"The World is Flat"
The World is Flat
What will be shown in this exhibition may appear to be paintings.
I am not sure whether they are paintings, or in fact flat sculptures.
On the 25th of January rapper B.o.B tweeted, “Once you go flat, you never go back.” He claims that the United Nations, the American Government and NASA have tremendously deceived us about the shape of the Earth, and that we in fact live on a flat disc floating through space. This exhibition isn’t about the Earth literally being flat, but perhaps some of those ideas are woven into it by proximity.
Ambiguity and uncertainty feature in these paintings. I am increasingly wary of defining these works by their medium, as it suggests that I have a definitive measure of what constitutes a painting. It’s difficult to tell what turns a sculpture into a painting, but whatever it is seems to be absent. Perhaps some would say my paintings too stupid.
Originally I had an idea to call the show Sculptures and exhibit what people would generally call paintings. I believe most of the paintings I make are actually closer to being sculptures. I’m not sure of the aim of differentiating painting from sculpture in this sense, but I think it is important in regards to defining oneself. About two weeks after I decided to call my exhibition Sculptures, American artist Josh Smith opened an exhibition called Sculpture, showing what most people would assume are paintings. What troubles me isn’t that he got there first, but that someone had already told me that my earlier work looked like his. Either Smith and I both arrived at the same point at the same time, or I’ve spent too much time on Contemporary Art Daily being influenced by international art.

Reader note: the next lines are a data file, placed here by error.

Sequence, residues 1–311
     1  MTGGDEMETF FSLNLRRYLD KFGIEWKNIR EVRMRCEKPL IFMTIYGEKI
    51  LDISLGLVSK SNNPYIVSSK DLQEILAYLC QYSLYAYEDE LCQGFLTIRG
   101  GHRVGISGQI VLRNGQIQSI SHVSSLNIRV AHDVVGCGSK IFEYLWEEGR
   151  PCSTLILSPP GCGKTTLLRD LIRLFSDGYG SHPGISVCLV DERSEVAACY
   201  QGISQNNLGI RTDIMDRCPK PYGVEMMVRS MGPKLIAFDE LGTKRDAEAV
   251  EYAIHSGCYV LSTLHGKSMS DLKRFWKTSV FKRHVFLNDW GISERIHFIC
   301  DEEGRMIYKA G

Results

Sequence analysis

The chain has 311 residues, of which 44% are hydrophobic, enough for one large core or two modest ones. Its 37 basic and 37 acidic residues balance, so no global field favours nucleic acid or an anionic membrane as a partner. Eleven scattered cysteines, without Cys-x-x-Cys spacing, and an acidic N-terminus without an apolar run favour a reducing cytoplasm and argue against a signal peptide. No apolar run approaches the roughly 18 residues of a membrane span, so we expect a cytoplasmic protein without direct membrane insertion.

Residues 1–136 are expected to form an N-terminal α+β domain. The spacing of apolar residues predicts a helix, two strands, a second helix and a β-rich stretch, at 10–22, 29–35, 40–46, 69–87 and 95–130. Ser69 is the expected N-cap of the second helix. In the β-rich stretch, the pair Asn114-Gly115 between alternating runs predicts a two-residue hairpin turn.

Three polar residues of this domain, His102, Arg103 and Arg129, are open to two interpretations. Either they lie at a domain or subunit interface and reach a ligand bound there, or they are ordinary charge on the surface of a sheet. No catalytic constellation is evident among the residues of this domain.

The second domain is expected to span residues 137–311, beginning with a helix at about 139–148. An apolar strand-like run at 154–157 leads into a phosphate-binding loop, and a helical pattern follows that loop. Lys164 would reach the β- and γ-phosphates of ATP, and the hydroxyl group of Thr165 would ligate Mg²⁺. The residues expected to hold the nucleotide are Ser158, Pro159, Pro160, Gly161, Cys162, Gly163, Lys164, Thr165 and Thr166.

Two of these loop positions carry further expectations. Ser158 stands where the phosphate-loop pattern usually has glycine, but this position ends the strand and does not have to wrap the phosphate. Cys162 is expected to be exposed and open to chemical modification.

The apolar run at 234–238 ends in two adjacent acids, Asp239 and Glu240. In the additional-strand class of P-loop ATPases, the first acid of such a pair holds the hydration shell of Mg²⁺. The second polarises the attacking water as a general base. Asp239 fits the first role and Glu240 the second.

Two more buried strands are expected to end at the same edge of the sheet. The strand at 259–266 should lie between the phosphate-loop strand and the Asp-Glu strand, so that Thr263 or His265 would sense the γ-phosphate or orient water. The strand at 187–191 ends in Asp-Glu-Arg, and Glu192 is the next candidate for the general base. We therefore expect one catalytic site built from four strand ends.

Experiencing international works through documentation on screen is quite important to my process. As an artist from New Zealand who has primarily made work in Australia, the problem of a centre/periphery debate is always in my mind. “In the age of pictorial reproduction the meaning of paintings is no longer attached to them; their meaning becomes transmittable: that is to say it becomes information of a sort, and, like all information it is either put to use or ignored.”1 As almost all the imagery in my work has been appropriated, their meaning is flattened. Characters and symbols are removed from their context of car wash products and now what they stand for is lost. Through the flatness of these reproductions, the content becomes meaningless and gains properties of ambiguity and uncertainty that reflect their authorship. Perhaps by understanding the nature of these transposed images as representations of the second-degree, the irony of my authorship is revealed.
In an interview Marlene Dumas was asked why she paints, she replied “Because the world is flat.” What she meant by this isn’t the same as what B.o.B claimed. Instead, I believe she is speaking about how our experience of the world is based understood through images.
Maybe this show is about the lack of depth in my work. Maybe in my authorship of these works I really do believe the world is flat. By becoming a ‘stupid painter’ I can explore the vastly growing expanse of miss-information that floods our lives. Stupidity shouldn’t be something to be afraid of. Its presence within my practice is undeniable, though its location and function remain ambiguous. Avital Ronell suggests that while stupidity is difficult to define, one of its characteristics is that it consists in the absence of a relation to knowing. Where intelligence holds up a reserve of knowledge, stupidity “severs the illusion of depth and marked withdrawal, staying with the shallow imprint.”2 Perhaps this is what I am interested in; the flatness of painting sculptures.
Hayden Stuart is a Car Wash Attendant at Superwash Car Wash in Malvern East, where he has been employed as a casual staff member since 2011. At his work he performs a wide range of tasks including customer service, plant equipment maintenance, cash reconciliation using Microsoft Excel, general handyman duties, and procedural documentation. On site are an automatic touch-free laserwash, 4 spacious self-serve bays, 6 vacuum bays, 2 fragrance machines, and a vending machine with choice of popular car detailing products. This job assists Stuart in functioning as a contemporary artist, and this article was written at that site.